JUN 02, 2017 07:53 AM PDT

LIGO Detects Gravity Waves for a Third Time

In 2016, gravitational waves were all the rage in the astrophysical community; perhaps 2017 is going to shed more light on them.

LIGO first announced the detection of gravitational waves in February of last year, however they were actually observed far earlier in September of 2015, despite the fact that an official announcement was never released because we didn’t really know what we were looking at.

Then it happened again, in June. The second time, things seemed a little more sound. It was repetitive evidence that these things could actually exist, and it started to make sense of Einstein’s theory of general relativity.

An artist's impression of two black holes merging together to form gravitational waves like those found by LIGO.

Image Credit: IGO/Caltech/MIT/Sonoma State

But now, LIGO is announcing that gravitational waves have indeed been detected for a third time in January of this year, confirming that Einstein’s theory of general relativity is most likely true and that when massive spatial bodies collide with one another, it can be so powerful that it bends and warps the space around it.

“This looks more like general relativity really is the correct theory,” physicist Rob Owen of Oberlin College explains. “This measurement is killing off more of these alternative theories.”

Related: What are gravitational waves, and why are they important?

The third discovery of gravitational waves comes by way of the merging of two individual black holes; one of which had a size of 30 solar masses, and the other with a size of 20 solar masses. The two black holes continued to drift into one another before combining into one.

The merger created a surge of gravitational waves throughout space, and this can be observed. The signal has been traveling towards us for 3 billion years, which means the merger took place a very long time ago and the signal is just now reaching us.

More importantly, researchers say the two black holes that bumped into one another were facing completely different planes, so their alignment wasn't quite identical, which means they were unlikely to have formed out of some sort of binary system, but rather found each other by just floating through the vast vacuum of space.

Related: Gravitational waves and black holes may help reveal dark matter

So far, every gravitational wave signal detected thus far has been observed from the collision of black holes, so it seems to be the norm for this kind of activity. Nevertheless, we don’t seem to find them that often, and that’s something researchers want to change by upgrading our detection equipment and building more observatories that can look for these waves from all directions that the planet faces.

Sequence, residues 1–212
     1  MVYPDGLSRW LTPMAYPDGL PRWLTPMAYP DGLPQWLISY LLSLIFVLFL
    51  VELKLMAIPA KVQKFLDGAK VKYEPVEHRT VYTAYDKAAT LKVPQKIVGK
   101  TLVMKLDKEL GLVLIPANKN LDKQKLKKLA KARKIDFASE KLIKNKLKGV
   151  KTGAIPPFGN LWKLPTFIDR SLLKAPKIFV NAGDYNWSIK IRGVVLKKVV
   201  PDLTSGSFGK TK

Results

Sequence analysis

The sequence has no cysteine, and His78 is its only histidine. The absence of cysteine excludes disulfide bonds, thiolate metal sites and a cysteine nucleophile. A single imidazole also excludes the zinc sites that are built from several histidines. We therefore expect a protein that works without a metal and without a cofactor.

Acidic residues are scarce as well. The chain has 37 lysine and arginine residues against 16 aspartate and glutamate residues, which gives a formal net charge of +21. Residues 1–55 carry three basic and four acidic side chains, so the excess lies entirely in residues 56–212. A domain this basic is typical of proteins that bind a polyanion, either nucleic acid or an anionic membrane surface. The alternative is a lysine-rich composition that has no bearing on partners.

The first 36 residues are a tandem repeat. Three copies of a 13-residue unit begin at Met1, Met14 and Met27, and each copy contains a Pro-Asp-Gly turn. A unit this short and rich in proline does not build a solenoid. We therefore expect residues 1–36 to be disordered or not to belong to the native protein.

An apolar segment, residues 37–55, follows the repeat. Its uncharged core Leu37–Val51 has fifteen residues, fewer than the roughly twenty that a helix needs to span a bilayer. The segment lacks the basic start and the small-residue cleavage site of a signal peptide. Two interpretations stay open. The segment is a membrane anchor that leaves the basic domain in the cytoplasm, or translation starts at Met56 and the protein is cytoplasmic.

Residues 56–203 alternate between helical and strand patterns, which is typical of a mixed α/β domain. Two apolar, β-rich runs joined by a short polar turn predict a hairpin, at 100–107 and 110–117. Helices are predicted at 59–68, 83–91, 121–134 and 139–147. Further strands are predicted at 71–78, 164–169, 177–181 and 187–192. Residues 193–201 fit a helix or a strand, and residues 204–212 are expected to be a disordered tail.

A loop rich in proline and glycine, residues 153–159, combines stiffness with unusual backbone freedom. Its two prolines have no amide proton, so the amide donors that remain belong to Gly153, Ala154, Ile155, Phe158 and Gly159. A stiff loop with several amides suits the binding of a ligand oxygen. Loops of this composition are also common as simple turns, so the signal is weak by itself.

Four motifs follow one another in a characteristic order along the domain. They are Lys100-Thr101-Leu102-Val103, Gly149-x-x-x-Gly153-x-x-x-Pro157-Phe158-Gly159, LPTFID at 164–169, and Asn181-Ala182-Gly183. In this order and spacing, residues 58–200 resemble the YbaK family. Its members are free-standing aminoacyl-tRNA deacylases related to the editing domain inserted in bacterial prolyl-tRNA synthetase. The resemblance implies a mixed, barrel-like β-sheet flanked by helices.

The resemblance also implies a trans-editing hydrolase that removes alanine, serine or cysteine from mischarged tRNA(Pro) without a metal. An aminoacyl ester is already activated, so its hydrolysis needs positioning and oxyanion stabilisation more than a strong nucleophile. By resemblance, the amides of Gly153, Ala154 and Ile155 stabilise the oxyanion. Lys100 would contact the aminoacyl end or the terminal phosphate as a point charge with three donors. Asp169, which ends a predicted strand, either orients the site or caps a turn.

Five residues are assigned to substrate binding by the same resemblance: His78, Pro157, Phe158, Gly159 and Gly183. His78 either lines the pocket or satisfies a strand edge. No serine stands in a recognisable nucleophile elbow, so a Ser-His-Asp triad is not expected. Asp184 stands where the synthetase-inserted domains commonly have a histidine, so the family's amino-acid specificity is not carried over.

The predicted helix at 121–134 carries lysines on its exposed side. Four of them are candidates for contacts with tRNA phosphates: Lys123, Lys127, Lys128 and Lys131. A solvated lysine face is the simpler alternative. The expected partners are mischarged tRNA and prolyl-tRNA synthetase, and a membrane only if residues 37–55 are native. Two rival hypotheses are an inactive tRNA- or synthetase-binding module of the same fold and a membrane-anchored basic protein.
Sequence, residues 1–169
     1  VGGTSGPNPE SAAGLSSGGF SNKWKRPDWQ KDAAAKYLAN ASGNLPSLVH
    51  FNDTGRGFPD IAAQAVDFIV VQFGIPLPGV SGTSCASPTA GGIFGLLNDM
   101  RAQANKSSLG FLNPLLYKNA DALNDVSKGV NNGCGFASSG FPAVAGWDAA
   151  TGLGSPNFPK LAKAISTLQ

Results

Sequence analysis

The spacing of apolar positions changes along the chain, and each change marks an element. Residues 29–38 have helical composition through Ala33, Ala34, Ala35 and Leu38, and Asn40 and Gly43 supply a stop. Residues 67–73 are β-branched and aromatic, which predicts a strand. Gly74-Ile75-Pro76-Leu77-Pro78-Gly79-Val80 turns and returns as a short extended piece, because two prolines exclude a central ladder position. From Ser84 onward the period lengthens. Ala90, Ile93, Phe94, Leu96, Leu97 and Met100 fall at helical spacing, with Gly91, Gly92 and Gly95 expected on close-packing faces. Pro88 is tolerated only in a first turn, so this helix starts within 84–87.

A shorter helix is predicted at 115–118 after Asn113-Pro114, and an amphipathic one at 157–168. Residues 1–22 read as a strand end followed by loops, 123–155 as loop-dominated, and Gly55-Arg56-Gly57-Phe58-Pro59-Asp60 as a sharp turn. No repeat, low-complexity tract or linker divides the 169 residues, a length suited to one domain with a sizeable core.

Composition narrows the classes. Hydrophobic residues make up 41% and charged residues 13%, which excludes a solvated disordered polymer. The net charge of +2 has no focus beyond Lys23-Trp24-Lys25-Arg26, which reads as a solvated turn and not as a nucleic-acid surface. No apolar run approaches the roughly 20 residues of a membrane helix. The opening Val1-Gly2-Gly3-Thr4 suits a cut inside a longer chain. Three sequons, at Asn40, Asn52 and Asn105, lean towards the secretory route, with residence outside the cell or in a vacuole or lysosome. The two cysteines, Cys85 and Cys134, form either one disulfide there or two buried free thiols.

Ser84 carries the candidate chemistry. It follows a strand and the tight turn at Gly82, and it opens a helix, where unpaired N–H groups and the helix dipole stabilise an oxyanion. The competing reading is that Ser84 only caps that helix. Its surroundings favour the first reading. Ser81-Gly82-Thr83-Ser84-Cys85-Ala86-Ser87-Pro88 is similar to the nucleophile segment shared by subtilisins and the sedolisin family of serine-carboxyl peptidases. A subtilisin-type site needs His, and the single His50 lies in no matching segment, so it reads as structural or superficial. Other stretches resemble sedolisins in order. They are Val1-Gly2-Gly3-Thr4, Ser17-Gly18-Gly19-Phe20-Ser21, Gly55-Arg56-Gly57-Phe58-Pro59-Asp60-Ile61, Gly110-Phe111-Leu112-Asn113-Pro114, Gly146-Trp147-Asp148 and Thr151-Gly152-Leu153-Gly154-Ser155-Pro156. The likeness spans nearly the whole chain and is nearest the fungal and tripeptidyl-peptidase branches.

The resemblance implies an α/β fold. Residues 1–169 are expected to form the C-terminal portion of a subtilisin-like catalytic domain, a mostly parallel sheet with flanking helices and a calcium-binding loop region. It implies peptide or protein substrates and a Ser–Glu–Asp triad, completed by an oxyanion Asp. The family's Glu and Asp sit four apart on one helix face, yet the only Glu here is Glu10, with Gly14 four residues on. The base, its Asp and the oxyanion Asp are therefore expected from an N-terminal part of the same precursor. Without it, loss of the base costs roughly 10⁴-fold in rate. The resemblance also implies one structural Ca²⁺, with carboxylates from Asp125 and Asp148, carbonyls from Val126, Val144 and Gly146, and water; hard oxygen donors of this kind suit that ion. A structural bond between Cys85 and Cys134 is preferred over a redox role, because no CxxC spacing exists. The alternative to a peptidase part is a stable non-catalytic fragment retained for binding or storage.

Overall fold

There are certainly many more gravitational waves just waiting to be spotted, and it should be interesting to see what kinds of doors this type of research will open up to our understanding of physics, astrophysics, and the universe as a whole.

Source: Wired

About the Author
  • Fascinated by scientific discoveries and media, Anthony found his way here at LabRoots, where he would be able to dabble in the two. Anthony is a technology junkie that has vast experience in computer systems and automobile mechanics, as opposite as those sound.
You May Also Like
JUN 10, 2018
Space & Astronomy
JUN 10, 2018
NASA's Curiosity Rover Finds "Organic Compounds" and More on Mars
The possibility that life once existed on Mars is an idea that has captivated planetary scientists for decades. But new findings uncovered by NASA’s...
JUN 11, 2018
Space & Astronomy
JUN 11, 2018
Are Nanodiamonds to Blame for Anomalous Microwave Emissions?
Astronomers are always attempting to answer the seemingly endless stream of questions that arise from studying outer space. One of the most crucial questio...
JUN 19, 2018
Space & Astronomy
JUN 19, 2018
Watch the Heart of the ESA's ExoMars Rover Endure Stress Testing
The European Space Agency plans to send its ExoMars rover to Mars in 2020 to explore the red planet’s surface for signs of past (or present) life. Bu...
JUN 25, 2018
Space & Astronomy
JUN 25, 2018
NASA Will Study Jupiter's Great Red Spot with the James Webb Space Telescope
Astronomers have been studying Jupiter’s Great Red Spot for decades, and it continues to captivate their attention even today. Several modern observa...
JUL 23, 2018
Space & Astronomy
JUL 23, 2018
Earth is Pretty Small Compared to Everything Else in Space
To you and I, the Earth might seem like a large place. But in astronomical terms, our planet is actually quite small. Comparatively, the gas giant planets...
AUG 28, 2018
Space & Astronomy
AUG 28, 2018
Jupiter's Formation Wasn't Smooth Sailing, Study Suggests
Jupiter is the largest-known planet in the solar system, and planetary scientists have been debating about how it formed for as long as we can remember. Bu...
Loading Comments...